On a road not far from Laos’ capital city of Vientiane is a handmade sign clearly different from the regular road signs. It does nothing to convey the hidden marvel it leads to.
Secluded within the woods is a group of Buddha sculptures carved into the rock. Its name translates to “Elephant Palace” and references an elephant graveyard supposedly once discovered nearby.
No one knows for sure when the mysterious sculptures were created, and guesses range from the 10th century to the 16th century. The biggest statues are about 10 feet high, but some smaller statues can be found in the surrounding area. If you look closely at the rocks, you’ll also notice less ornate carvings of Buddha practically hidden behind the greenery.
Overgrown with vegetation, the whole shrine feels abandoned and forgotten, like it could be lost to time at any moment. The centuries-old figures are pale, their gold paint peeling and faded. The Buddhas all have peaceful, serene expressions that mirror the quiet, undisturbed atmosphere of the shrine.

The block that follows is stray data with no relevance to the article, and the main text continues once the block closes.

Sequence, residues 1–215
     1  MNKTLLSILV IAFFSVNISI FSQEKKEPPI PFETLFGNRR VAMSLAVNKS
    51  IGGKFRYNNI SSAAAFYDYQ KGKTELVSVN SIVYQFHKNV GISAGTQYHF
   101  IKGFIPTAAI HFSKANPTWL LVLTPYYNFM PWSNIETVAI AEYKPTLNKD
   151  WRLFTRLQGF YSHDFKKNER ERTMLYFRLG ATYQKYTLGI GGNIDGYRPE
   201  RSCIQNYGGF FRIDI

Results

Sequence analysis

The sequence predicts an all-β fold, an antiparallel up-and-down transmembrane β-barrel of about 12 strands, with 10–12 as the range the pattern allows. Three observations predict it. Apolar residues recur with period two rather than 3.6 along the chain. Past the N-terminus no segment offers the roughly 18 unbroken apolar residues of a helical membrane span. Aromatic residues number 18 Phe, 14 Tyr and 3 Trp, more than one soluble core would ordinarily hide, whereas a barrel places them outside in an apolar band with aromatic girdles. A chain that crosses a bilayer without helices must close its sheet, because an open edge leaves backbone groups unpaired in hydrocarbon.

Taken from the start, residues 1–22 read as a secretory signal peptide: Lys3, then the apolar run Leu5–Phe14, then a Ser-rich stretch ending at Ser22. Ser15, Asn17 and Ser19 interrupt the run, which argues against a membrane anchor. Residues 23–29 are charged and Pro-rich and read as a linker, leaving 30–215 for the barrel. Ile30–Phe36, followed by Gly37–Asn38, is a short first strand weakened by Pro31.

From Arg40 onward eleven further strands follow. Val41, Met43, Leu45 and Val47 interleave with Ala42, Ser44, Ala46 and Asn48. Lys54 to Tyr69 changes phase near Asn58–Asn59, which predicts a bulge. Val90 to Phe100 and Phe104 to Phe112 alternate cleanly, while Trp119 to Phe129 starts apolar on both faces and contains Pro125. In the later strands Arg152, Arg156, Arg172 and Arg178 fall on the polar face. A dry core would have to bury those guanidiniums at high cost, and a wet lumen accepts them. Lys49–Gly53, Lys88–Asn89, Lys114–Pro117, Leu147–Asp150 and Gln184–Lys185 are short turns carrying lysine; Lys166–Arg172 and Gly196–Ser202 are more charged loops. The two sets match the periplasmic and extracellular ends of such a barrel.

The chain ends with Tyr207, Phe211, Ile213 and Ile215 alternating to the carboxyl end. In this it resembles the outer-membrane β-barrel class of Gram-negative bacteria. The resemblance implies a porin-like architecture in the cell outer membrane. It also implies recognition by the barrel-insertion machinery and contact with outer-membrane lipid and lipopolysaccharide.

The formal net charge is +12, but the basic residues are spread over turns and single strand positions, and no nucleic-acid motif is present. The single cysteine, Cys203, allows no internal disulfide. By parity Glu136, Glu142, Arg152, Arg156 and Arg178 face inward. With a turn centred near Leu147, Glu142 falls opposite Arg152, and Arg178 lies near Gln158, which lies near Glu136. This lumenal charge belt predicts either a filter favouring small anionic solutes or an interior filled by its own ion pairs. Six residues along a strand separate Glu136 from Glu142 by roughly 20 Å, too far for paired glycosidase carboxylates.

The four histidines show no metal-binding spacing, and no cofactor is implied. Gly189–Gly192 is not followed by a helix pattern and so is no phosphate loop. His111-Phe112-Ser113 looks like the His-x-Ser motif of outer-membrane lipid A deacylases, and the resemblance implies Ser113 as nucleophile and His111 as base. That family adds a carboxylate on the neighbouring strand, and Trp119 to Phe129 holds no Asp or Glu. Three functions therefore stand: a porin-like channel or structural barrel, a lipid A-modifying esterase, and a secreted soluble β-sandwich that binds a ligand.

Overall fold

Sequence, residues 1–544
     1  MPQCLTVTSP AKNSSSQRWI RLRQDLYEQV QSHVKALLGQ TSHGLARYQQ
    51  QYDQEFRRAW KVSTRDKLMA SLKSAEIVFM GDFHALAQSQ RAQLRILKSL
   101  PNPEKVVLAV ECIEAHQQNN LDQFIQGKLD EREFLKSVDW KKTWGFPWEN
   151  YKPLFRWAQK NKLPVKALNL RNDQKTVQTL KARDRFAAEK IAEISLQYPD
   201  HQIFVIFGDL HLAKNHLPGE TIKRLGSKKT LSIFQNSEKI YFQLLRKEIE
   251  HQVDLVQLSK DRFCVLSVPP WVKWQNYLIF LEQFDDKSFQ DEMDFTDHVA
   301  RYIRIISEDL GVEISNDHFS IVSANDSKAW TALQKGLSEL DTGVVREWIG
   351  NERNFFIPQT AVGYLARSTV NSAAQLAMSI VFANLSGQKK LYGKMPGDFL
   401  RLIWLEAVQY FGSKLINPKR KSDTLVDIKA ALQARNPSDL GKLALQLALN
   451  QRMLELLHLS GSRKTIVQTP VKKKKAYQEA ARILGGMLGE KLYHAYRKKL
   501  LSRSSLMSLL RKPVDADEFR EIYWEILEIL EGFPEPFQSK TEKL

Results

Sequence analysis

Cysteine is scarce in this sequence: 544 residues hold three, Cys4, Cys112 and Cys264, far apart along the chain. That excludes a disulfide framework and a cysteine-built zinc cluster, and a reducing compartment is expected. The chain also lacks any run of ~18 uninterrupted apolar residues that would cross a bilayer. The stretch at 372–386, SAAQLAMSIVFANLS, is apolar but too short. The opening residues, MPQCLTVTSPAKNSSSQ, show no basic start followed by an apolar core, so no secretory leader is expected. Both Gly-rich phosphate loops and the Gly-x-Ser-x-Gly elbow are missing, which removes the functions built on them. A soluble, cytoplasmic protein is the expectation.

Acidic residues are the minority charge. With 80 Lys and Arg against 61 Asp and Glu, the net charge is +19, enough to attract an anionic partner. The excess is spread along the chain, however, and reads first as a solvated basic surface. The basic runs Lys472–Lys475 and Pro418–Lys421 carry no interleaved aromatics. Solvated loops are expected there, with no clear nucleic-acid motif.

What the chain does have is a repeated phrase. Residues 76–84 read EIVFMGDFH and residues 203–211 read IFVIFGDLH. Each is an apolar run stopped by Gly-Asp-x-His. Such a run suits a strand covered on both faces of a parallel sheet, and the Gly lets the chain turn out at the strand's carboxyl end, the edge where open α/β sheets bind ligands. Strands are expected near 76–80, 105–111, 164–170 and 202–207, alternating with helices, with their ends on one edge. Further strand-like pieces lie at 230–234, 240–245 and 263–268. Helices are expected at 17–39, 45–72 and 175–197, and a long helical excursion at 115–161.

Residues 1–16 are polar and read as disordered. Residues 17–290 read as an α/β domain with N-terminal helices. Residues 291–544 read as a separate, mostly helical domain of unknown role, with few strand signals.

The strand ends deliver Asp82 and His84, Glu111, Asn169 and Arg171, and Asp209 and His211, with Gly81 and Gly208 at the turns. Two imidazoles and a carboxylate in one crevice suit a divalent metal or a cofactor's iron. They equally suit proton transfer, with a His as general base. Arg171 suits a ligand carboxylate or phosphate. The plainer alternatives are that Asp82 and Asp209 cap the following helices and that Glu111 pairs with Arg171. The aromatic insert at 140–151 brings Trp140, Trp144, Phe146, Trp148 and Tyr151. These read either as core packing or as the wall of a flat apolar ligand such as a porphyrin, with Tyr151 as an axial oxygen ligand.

Know Before You Go
Heading North on Road no. 13, is a sign saying Van Xang. Follow the well-marked but dirt road besides it for a couple of miles until a cluster of boulders and heavy vegetation signals the end of the road. The statues are visible from this point.